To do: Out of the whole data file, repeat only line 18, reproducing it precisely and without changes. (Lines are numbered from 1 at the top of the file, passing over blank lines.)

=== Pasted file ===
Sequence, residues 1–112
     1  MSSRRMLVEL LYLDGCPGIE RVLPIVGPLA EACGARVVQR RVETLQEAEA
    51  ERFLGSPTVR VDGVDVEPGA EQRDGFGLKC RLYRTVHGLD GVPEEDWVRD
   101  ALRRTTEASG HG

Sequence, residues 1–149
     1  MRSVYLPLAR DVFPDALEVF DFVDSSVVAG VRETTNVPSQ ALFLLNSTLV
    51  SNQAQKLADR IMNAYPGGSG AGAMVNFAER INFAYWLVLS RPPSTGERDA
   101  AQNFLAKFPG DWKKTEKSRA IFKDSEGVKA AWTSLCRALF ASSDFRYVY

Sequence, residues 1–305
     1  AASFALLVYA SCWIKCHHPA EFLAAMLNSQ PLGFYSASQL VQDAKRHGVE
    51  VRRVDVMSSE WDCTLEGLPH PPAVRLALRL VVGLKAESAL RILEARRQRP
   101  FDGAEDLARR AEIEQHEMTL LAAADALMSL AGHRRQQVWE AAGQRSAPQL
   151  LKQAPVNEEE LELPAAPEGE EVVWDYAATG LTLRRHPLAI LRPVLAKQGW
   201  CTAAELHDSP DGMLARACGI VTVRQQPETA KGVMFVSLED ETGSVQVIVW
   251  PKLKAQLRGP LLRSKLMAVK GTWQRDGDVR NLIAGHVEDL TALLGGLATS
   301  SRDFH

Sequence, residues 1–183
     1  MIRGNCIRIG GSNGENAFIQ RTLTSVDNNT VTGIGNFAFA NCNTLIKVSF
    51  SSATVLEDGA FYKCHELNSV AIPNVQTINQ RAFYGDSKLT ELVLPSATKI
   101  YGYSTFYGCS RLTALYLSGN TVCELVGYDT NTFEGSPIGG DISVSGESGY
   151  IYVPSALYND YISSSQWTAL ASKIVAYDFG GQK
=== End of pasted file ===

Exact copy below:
     1  MIRGNCIRIG GSNGENAFIQ RTLTSVDNNT VTGIGNFAFA NCNTLIKVSF